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One afternoon a few days after the first performance, Sayuri visits Mameha at her apartment. Mameha tells her that bidding has begun on her mizuage.... (full context)
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Mother suddenly pulls hard on Sayuri’s earlobe and says that now Sayuri is a very expensive commodity. Referring to Sayuri’s virginity,... (full context)
Chapter 24
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The following day at Mameha’s apartment, Sayuri tells Mameha what happened at the okiya. Mameha says that she knew Mother would adopt... (full context)
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To Sayuri’s surprise, Mameha doesn’t seem that pleased about this turn of events. Years later, Sayuri would... (full context)
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Mother formally adopts Sayuri the following week. As Mother’s daughter, Sayuri takes on the last name “Nitta.” A few... (full context)
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Dr. Crab takes off his robe and gets on top of her. Sayuri tries to put a “mental barrier” between herself and the Doctor, but it’s not enough... (full context)
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With the mizuage over, Sayuri feels such relief that she breaks out into a smile. She finds the whole experience... (full context)
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Before Sayuri’s mizuage, Mother didn’t care that Hatsumomo was causing Sayuri trouble in Gion, since Hatsumomo was... (full context)
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Sayuri stops seeing Dr. Crab at the small teahouse, but she continues to see Nobu, who... (full context)
Chapter 25
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Now that Sayuri is free to go to parties with Hatsumomo following her, Mameha takes her around Gion,... (full context)
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Sayuri interrupts the narrative to explain that since moving to New York, she has come up... (full context)
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Three weeks after Sayuri turns the collar, Mother tells her that at this time next month Nobu will become... (full context)
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The next day, Sayuri goes to Mameha’s to tell her what Mother said. Mameha says she should be proud... (full context)
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Mameha ends the conversation by saying that Nobu and Sayuri have an en – the Japanese word for a karmic bond. Sayuri interrupts the narrative... (full context)
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In the days after her conversation with Mameha, Sayuri loses hope that the Chairman will ever become her danna. While entertaining at a group... (full context)
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A few weeks pass, and then one day Mameha tells Sayuri that the time has finally come for her to collect her winnings from her agreement... (full context)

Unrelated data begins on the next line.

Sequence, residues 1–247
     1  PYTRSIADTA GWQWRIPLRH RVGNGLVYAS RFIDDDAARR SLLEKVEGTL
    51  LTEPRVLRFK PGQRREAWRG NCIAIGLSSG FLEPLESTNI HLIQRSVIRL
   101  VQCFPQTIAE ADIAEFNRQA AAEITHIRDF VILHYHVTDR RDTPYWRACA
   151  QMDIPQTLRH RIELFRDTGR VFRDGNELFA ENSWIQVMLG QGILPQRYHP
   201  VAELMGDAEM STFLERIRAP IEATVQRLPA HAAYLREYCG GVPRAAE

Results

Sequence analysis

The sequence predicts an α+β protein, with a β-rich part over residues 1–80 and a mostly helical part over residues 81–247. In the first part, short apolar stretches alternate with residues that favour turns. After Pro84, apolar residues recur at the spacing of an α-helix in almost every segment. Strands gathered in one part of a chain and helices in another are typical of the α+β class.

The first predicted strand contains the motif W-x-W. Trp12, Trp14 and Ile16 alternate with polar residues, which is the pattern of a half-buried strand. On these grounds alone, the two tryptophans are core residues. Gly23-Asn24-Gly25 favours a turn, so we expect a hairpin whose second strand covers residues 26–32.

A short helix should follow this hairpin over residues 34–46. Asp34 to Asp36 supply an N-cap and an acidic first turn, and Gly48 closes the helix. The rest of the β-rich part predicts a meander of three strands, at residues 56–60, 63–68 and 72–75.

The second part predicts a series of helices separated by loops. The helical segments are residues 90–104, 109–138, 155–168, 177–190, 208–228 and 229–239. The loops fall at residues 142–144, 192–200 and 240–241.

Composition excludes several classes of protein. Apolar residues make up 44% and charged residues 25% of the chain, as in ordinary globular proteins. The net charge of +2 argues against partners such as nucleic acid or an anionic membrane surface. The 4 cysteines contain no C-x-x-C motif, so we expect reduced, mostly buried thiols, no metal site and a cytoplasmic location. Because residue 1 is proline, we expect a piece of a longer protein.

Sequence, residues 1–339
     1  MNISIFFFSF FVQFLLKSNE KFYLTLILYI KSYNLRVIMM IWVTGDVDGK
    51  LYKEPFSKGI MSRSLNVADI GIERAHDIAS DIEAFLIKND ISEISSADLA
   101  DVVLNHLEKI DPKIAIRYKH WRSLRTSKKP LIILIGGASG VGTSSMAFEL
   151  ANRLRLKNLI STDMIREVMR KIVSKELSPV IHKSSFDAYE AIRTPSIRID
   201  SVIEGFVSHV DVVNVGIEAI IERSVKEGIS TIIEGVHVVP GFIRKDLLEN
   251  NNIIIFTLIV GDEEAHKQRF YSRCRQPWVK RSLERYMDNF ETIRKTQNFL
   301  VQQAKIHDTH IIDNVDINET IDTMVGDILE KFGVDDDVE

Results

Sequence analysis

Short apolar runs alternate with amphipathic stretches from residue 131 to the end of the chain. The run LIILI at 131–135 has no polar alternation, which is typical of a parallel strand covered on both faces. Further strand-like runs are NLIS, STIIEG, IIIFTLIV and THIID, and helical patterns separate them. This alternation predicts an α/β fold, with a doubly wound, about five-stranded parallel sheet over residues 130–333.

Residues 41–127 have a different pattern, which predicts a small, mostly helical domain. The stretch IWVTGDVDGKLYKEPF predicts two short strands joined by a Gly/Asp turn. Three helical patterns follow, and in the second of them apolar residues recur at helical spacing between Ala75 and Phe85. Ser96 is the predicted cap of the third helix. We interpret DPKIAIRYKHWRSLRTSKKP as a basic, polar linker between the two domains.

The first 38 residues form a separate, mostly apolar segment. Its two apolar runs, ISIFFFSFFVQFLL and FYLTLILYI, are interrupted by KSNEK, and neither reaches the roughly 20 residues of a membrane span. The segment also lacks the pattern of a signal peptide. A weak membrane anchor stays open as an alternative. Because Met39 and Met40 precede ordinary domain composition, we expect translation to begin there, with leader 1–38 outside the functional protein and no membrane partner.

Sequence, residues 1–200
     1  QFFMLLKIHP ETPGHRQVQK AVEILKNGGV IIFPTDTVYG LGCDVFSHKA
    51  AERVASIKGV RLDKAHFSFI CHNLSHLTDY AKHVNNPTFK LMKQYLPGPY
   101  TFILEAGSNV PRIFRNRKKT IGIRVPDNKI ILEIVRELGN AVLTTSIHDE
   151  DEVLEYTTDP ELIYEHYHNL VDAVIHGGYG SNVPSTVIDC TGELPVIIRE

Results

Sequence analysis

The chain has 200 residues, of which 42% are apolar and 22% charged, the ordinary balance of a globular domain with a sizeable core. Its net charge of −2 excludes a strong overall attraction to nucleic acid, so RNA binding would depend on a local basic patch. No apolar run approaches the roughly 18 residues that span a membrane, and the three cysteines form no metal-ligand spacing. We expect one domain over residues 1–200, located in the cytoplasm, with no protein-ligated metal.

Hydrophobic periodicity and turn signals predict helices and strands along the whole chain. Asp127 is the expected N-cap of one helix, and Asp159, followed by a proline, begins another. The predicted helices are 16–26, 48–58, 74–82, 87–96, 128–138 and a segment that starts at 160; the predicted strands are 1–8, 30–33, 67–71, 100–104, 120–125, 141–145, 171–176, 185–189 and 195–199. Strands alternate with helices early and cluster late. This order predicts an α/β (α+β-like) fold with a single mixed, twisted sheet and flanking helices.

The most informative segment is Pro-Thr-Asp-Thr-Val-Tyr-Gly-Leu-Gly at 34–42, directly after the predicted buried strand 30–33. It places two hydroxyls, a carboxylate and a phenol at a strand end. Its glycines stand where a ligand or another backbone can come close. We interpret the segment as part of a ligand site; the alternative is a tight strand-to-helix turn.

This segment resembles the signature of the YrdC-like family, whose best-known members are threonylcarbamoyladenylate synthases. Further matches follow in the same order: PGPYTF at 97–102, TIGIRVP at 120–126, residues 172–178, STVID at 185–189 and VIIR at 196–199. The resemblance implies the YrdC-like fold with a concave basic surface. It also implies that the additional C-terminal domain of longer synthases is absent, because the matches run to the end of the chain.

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...Mother that she can make more money if other men compete with Nobu over becoming Sayuri’s danna. When Mother says that no other men have shown any interest, Mameha suggests General... (full context)
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...because he can provide the okiya with things that the government will soon ration off. Sayuri notices Mother worryingly squeeze her tobacco bag to see how much tobacco she has left.... (full context)
Chapter 26
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A couple of months later, Sayuri and General Tottori perform the ceremony that makes the General her danna. It’s the same... (full context)
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Other than these encounters with the General, Sayuri sees little of him, but he does supply the okiya with food, medicine, and other... (full context)
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One day in April, a young apprentice approaches Sayuri while Sayuri is preparing for a recital for the spring dance in Gion. The girl... (full context)
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Feeling bad for making Nobu angry by taking the General as her danna, Sayuri decides to wait outside of Awazumi Teahouse in order to run into him and apologize.... (full context)
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Sayuri responds by saying that life is like stream carrying everyone along belly up. Nobu says... (full context)
Chapter 27
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During the summer of 1938, Mother tells Sayuri that in the last six months she has earned more than either Pumpkin or Hatsumomo.... (full context)
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One afternoon, Hatsumomo begins moving her belongings into Sayuri’s room. Hatsumomo makes a ruckus, leaving her clothes all over and accidently dropping glass makeup... (full context)
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In the room, Sayuri sees on the messy floor the emerald brooch that Hatsumomo had accused Sayuri of stealing... (full context)
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Sayuri denies having a journal, and Hatsumomo goes to Sayuri’s room, frantically searching for the journal... (full context)